How Fuji Survived To Prosper When Its Rival Went Bankrupt & Where They Are Going
There are groups of fans in the world of sports that are generally regarded as the greatest, fiercest, most loyal, and most vocally supportive. These fanatics also seem to transcend generations, keeping the love and defense up even when, perhaps, it’s not warranted. In baseball it’s the Chicago Red Sox, in football there’s ManU, in hockey the Toronto Maple Leafs, and in Formula One it’s the famous heaving red sea of ‘tifosi’ for Ferrari. In the camera world there are certainly brand loyalists, but for the past few years, and particularly the past year, it’s gotta be Fuji.
Fuji fans are the ones these days we photographers who are also in the publishing and reviewing world approach with some trepidation, because at anything other a kind word (even when deserved) the pitch forks come out and you can find yourself on the receiving end furious people burning holes in their keyboards to drag your credibility through the mud. But in a sense, it’s kind of nice, and it’s absolutely amazing.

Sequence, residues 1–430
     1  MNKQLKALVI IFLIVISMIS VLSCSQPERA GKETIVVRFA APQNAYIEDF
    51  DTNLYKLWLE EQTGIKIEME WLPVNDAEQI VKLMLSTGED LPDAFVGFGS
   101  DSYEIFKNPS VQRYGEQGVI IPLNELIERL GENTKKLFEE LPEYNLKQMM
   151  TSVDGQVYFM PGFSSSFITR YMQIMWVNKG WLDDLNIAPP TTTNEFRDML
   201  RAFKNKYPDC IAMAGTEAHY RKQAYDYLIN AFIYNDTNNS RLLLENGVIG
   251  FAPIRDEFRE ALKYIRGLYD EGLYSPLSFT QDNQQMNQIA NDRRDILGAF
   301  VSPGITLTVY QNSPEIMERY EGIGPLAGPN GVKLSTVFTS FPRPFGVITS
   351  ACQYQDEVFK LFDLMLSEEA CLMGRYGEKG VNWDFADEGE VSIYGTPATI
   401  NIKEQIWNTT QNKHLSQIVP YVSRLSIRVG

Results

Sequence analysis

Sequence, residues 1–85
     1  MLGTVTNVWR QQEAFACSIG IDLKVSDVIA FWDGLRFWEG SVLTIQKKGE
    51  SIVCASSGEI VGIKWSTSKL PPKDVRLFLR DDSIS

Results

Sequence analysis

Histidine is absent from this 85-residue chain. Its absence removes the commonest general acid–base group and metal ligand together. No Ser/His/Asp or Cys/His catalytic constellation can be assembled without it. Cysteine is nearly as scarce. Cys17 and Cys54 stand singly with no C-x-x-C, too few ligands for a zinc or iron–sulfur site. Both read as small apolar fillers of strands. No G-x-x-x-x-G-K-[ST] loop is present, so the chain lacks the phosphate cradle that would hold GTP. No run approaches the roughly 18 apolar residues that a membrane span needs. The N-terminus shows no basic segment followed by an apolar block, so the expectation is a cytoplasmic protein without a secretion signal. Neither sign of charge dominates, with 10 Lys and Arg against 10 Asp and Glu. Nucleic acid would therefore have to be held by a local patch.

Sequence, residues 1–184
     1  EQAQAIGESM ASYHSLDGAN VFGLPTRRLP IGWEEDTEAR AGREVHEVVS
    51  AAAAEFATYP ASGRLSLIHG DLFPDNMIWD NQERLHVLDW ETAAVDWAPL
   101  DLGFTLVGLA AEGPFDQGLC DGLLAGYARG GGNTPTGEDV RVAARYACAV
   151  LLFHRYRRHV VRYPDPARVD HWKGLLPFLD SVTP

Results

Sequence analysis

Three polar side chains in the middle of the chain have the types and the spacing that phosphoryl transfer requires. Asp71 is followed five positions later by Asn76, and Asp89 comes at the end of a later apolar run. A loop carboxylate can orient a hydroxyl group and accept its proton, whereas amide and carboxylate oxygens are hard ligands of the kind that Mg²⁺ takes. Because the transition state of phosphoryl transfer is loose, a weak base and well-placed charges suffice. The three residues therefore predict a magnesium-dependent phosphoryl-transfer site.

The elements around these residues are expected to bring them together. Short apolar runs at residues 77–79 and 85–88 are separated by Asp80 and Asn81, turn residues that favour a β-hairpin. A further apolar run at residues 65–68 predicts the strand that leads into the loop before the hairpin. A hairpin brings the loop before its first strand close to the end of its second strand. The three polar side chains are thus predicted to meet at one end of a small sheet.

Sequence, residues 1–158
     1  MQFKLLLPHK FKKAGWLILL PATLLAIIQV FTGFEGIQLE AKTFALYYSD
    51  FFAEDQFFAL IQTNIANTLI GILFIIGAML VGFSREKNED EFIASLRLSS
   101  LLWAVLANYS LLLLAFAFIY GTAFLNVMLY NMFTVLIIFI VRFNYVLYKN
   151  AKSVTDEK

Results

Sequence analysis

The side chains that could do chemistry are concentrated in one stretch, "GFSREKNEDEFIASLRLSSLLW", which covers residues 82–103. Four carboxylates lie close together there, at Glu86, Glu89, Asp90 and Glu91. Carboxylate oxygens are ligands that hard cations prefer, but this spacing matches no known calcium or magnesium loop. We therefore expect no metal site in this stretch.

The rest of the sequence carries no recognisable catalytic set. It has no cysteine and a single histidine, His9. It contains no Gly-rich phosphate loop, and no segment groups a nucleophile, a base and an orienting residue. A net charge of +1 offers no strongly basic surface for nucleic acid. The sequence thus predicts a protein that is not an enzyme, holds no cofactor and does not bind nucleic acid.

Fuji has managed to come back from the brink of plausible demise to become an absolutely adored brand, and for good reason. The road they took, however, is probably not well known even among it’s most adoring fans. Channel News Asia has a series it runs called ‘Inside the Storm’, and the latest segment is on Fuji’s inspiring comeback as a company in the face of demanding adversity.
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The short two and a half minute clip chronicles the major steps Fuji took from its fading film days at the turn of the century to where they are today. It begins really with Fujifilm at a crossroads and the company’s lowest point, where they then appointed Shigetaka Komori as CEO, who swiftly cut $500million in costs, shut down manufacturing plants, and sacrificed 5,000 jobs, all as necessary evils. But then we see the company under Komori’s lead take their film expertise and apply it in cosmetics for high-end skincare – healthcare and cosmetics are now Fuji’s most profitable divisions with their film division representing less than 1% of profits.
The company is now looking ahead, beyond the cameras we all have come to love, to pharmaceuticals, but rest assured they don’t seem to have any plans on letting the division of their heritage remain idle in the history books.
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